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Battling censorship in Lesotho and South Africa

By Christina Okello

A newspaper editor is recovering from surgery after being nearly assassinated in Lesotho for an article he published about a high profile army commander. Meanwhile in South Africa, journalists claim victory in their censorship row with the state broadcaster, the SABC.

 

The truth is mightier than the guns of darkness, a top rights group has hit out in condemning an assassination attempt on the editor of the Lesotho Times and Sunday Express.

Lloyd Mutungamiri was attacked by two unknown gunmen on 9 July, in apparent retaliation for his article about an alleged exit package for the country’s army commander, Lieutenant General Tlali Kamoli.

His shooting came after a tough week for him and his company.

Earlier he and his colleague, Keiso Mohloboli were arrested by police and urged to reveal their sources. Mohloboli has now fled Lesotho and gone into exile.

"This is a matter that we urge our government to investigate thoroughly," Tsebo Matsasa, the director of the Media Institute of Southern Africa (MISA) in Lesotho told RFI.

"In the absence of an investigation, there's a lot of uncertainty in our country, especially among media practitioners.”

Those practicing the art of irreverence are the most worried, which happens to be the case of the Lesotho Times.

For years, the independent paper has openly criticized the government and army, but now its irreverent tone is under scrutiny.

"When you get to the point of assassination it says that you've rattled the bars a little too much," William Bird, the director of the NGO, Media Monitoring Africa, told RFI on the phone from South Africa.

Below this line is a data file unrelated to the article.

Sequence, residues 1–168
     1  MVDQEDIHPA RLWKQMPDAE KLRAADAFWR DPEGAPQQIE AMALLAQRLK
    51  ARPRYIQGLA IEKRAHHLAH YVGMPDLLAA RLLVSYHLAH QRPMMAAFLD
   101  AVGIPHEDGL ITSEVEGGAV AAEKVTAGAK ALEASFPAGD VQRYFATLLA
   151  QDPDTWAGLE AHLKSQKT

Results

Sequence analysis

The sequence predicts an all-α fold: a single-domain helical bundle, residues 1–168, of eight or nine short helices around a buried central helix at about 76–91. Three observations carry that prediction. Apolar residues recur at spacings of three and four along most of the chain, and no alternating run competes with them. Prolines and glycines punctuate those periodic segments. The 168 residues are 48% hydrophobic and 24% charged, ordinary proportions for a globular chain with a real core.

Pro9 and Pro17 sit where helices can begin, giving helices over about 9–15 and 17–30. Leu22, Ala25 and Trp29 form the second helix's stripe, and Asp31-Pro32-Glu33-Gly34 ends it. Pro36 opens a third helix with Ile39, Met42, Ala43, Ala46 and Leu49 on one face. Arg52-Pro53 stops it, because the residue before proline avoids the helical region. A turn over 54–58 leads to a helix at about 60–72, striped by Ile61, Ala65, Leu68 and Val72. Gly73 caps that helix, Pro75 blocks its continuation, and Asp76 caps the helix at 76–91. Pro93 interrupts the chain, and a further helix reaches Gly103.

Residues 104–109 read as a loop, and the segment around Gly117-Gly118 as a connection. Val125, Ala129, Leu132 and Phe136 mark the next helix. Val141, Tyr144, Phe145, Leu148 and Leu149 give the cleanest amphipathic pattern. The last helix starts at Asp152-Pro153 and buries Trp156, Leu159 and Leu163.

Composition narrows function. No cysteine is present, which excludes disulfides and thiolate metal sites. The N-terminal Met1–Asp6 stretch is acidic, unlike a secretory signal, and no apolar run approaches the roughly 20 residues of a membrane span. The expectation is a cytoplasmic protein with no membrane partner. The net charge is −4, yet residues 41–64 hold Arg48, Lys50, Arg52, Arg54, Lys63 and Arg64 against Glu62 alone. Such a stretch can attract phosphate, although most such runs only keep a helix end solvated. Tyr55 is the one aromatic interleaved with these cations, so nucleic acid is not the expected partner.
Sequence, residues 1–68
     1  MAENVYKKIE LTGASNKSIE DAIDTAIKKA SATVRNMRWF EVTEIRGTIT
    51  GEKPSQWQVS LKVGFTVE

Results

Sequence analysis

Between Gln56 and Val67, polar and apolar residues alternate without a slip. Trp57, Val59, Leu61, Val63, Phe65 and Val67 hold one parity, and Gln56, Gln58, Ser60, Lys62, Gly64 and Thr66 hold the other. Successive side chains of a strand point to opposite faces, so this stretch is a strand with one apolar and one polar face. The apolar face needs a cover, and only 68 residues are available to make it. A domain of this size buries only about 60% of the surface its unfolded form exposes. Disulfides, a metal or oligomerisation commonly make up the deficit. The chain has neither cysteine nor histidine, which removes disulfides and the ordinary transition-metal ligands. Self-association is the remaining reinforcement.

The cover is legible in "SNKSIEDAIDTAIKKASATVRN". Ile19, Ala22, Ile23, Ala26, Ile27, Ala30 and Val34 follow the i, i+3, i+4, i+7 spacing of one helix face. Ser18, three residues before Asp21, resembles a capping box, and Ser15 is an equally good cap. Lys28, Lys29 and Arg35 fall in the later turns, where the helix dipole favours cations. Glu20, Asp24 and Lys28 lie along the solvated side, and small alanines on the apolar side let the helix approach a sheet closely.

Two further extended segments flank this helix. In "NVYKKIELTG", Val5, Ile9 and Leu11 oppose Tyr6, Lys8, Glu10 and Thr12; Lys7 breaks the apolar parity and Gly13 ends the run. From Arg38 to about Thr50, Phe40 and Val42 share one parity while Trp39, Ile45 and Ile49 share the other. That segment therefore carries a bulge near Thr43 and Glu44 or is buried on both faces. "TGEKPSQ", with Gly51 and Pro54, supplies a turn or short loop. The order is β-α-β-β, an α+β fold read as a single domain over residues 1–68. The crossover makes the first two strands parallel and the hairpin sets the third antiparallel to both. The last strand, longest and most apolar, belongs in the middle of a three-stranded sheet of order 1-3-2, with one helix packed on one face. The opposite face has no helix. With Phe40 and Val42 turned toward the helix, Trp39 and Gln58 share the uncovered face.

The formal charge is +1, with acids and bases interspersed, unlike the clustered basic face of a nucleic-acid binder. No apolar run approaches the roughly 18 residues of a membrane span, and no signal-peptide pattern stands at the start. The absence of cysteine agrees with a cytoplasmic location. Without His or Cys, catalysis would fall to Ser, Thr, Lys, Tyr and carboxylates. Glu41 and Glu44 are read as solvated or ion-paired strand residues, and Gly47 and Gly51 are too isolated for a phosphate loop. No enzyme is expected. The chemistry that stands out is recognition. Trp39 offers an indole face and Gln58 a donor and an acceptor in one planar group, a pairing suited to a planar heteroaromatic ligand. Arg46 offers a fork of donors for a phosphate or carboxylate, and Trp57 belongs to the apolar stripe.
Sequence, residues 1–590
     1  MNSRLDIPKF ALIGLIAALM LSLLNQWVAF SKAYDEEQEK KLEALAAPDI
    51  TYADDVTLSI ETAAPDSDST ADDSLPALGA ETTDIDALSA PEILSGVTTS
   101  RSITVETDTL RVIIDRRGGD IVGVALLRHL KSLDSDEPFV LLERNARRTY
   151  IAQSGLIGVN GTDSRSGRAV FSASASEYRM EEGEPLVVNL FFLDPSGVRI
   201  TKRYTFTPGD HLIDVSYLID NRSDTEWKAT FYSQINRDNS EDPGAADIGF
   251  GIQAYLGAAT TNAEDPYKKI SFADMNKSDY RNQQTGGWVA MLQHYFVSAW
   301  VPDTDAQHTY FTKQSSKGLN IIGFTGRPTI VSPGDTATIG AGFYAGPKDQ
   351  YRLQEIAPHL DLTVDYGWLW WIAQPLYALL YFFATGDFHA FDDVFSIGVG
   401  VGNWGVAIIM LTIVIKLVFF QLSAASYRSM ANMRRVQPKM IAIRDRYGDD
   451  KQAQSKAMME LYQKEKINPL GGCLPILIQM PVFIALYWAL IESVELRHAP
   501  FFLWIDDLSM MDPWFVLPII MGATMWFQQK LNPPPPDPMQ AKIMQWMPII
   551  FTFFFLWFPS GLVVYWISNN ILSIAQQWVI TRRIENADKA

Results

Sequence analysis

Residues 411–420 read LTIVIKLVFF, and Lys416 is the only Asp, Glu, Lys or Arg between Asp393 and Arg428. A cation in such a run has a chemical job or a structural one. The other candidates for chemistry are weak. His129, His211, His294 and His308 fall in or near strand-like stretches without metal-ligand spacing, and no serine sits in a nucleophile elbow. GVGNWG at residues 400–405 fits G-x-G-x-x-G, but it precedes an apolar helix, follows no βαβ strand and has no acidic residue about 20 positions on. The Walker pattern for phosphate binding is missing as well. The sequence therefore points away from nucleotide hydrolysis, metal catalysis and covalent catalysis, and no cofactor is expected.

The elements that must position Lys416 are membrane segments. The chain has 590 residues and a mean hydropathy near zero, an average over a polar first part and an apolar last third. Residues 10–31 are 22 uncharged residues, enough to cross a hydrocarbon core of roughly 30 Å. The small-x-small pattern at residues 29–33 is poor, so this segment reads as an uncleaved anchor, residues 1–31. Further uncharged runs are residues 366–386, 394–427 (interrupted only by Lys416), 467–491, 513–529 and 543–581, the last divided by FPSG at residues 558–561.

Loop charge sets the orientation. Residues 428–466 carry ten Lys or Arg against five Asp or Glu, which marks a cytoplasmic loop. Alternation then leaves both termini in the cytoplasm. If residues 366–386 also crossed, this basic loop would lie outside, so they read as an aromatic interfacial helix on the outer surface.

It rattled the US State Department, which issued a sharp warning to the Lesotho government to refrain from intimidation.

The country's laws however make that difficult.

Colonial hangover

"One of the things common to the Southern African region is that despite many countries having legitimate and democratic governments coming into place as they acquired independence at various times, what is common among most of them is that they've retained former colonial laws," explains Bird.

"So what we're dealing with very often are still colonial hangovers."

The CEO of the Lesotho Times, Basildon Peta, would know a thing or two about headaches.

He's been charged with criminal defamation andcrimen injuria because of a column he wrote.

"These laws were last used in 1912!" says Tsebo Matsasa. "When it comes to a charge like crimen injuria [committing a crime], the challenge we have is that we don't establish the nature of the charge."

"And it's clear why, criminal defamation is a useful tool to keep people in check,” says Bird.

He welcomes recent moves by the ruling ANC party to remove criminal defamation from South Africa’s laws.

"We're making slow progress, but it always seems like it's two steps forward, and sometimes three steps back." 

Censorship

This frustration is equally felt among journalists in South Africa.

Eight employees of the South African Broadcasting Corporation, SABC, have been engaged in a long-standing dispute with their corporation over a controversial decision to ban footage of violent protests.

"Our Chief Operating Officer [Hlaudi Motsoeneng] began issuing verbal orders, and one of them was that we're not allowed to report negatively on president Zuma anymore,” Suna Venter, a senior producer at SABC told RFI.

Venter and seven of her colleagues were sacked for not towing the line.

But she says that self-censorship would have been counter-productive: "When 21 million people rely on the SABC exclusively for their news, if you censor that, you're in big trouble. And if you censor that with one week to go before the elections, you're in even deeper trouble."

On Wednesday, SABC dropped its appeal against a Labour court forcing it to take back Venter and her colleagues, meaning they should be available to cover the 3 August elections.

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